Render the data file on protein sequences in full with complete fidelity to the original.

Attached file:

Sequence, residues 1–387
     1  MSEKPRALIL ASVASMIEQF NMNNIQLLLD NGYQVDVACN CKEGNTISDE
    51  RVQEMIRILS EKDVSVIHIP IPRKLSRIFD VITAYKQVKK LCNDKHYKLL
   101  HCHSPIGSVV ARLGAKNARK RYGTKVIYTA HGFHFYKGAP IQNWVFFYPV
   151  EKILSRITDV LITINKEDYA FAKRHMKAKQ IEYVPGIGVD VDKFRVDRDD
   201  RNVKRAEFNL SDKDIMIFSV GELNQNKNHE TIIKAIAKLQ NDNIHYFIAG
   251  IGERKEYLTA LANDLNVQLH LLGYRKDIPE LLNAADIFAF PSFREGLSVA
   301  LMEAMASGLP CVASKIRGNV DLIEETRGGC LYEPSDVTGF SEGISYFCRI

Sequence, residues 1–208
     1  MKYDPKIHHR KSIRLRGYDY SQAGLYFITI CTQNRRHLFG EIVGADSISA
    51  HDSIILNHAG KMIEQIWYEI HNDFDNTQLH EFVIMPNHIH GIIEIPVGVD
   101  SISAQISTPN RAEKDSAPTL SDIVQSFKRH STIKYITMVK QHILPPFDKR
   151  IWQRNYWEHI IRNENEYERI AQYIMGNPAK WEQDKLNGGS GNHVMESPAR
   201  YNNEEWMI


Sequence, residues 1–387
     1  MSEKPRALIL ASVASMIEQF NMNNIQLLLD NGYQVDVACN CKEGNTISDE
    51  RVQEMIRILS EKDVSVIHIP IPRKLSRIFD VITAYKQVKK LCNDKHYKLL
   101  HCHSPIGSVV ARLGAKNARK RYGTKVIYTA HGFHFYKGAP IQNWVFFYPV
   151  EKILSRITDV LITINKEDYA FAKRHMKAKQ IEYVPGIGVD VDKFRVDRDD
   201  RNVKRAEFNL SDKDIMIFSV GELNQNKNHE TIIKAIAKLQ NDNIHYFIAG
   251  IGERKEYLTA LANDLNVQLH LLGYRKDIPE LLNAADIFAF PSFREGLSVA
   301  LMEAMASGLP CVASKIRGNV DLIEETRGGC LYEPSDVTGF SEGISYFCRI

Sequence, residues 1–208
     1  MKYDPKIHHR KSIRLRGYDY SQAGLYFITI CTQNRRHLFG EIVGADSISA
    51  HDSIILNHAG KMIEQIWYEI HNDFDNTQLH EFVIMPNHIH GIIEIPVGVD
   101  SISAQISTPN RAEKDSAPTL SDIVQSFKRH STIKYITMVK QHILPPFDKR
   151  IWQRNYWEHI IRNENEYERI AQYIMGNPAK WEQDKLNGGS GNHVMESPAR
   201  YNNEEWMI